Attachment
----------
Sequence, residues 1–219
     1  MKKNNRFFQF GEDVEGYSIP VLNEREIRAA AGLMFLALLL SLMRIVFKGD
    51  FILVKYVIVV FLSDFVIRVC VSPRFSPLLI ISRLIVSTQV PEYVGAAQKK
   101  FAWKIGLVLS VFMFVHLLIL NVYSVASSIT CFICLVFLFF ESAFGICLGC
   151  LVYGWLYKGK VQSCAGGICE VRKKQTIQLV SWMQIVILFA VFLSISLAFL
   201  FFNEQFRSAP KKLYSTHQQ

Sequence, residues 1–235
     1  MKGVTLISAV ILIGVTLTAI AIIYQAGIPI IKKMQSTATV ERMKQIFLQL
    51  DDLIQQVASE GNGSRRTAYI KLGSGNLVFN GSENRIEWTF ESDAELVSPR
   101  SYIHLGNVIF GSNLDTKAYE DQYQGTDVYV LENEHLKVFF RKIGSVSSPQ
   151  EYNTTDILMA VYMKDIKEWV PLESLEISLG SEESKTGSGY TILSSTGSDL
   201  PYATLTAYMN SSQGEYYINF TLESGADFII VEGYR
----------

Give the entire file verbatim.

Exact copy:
Sequence, residues 1–219
     1  MKKNNRFFQF GEDVEGYSIP VLNEREIRAA AGLMFLALLL SLMRIVFKGD
    51  FILVKYVIVV FLSDFVIRVC VSPRFSPLLI ISRLIVSTQV PEYVGAAQKK
   101  FAWKIGLVLS VFMFVHLLIL NVYSVASSIT CFICLVFLFF ESAFGICLGC
   151  LVYGWLYKGK VQSCAGGICE VRKKQTIQLV SWMQIVILFA VFLSISLAFL
   201  FFNEQFRSAP KKLYSTHQQ

Sequence, residues 1–235
     1  MKGVTLISAV ILIGVTLTAI AIIYQAGIPI IKKMQSTATV ERMKQIFLQL
    51  DDLIQQVASE GNGSRRTAYI KLGSGNLVFN GSENRIEWTF ESDAELVSPR
   101  SYIHLGNVIF GSNLDTKAYE DQYQGTDVYV LENEHLKVFF RKIGSVSSPQ
   151  EYNTTDILMA VYMKDIKEWV PLESLEISLG SEESKTGSGY TILSSTGSDL
   201  PYATLTAYMN SSQGEYYINF TLESGADFII VEGYR